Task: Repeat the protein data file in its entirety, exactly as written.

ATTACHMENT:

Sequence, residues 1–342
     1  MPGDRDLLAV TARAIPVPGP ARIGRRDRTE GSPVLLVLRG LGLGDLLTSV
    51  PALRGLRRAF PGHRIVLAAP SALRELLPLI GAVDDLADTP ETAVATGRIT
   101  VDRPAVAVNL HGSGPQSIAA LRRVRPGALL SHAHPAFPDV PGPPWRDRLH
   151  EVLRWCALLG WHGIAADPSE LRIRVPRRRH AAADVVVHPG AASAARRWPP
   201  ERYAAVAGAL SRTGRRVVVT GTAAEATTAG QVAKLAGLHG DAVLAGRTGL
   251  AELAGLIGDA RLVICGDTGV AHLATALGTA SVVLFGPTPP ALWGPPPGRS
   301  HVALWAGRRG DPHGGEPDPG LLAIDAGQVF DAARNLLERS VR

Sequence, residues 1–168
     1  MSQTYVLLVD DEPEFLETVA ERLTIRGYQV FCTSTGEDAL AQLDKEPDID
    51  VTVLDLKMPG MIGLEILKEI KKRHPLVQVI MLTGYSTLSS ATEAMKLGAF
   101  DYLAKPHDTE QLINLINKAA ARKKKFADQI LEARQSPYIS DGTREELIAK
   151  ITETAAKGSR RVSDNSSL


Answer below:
Sequence, residues 1–342
     1  MPGDRDLLAV TARAIPVPGP ARIGRRDRTE GSPVLLVLRG LGLGDLLTSV
    51  PALRGLRRAF PGHRIVLAAP SALRELLPLI GAVDDLADTP ETAVATGRIT
   101  VDRPAVAVNL HGSGPQSIAA LRRVRPGALL SHAHPAFPDV PGPPWRDRLH
   151  EVLRWCALLG WHGIAADPSE LRIRVPRRRH AAADVVVHPG AASAARRWPP
   201  ERYAAVAGAL SRTGRRVVVT GTAAEATTAG QVAKLAGLHG DAVLAGRTGL
   251  AELAGLIGDA RLVICGDTGV AHLATALGTA SVVLFGPTPP ALWGPPPGRS
   301  HVALWAGRRG DPHGGEPDPG LLAIDAGQVF DAARNLLERS VR

Sequence, residues 1–168
     1  MSQTYVLLVD DEPEFLETVA ERLTIRGYQV FCTSTGEDAL AQLDKEPDID
    51  VTVLDLKMPG MIGLEILKEI KKRHPLVQVI MLTGYSTLSS ATEAMKLGAF
   101  DYLAKPHDTE QLINLINKAA ARKKKFADQI LEARQSPYIS DGTREELIAK
   151  ITETAAKGSR RVSDNSSL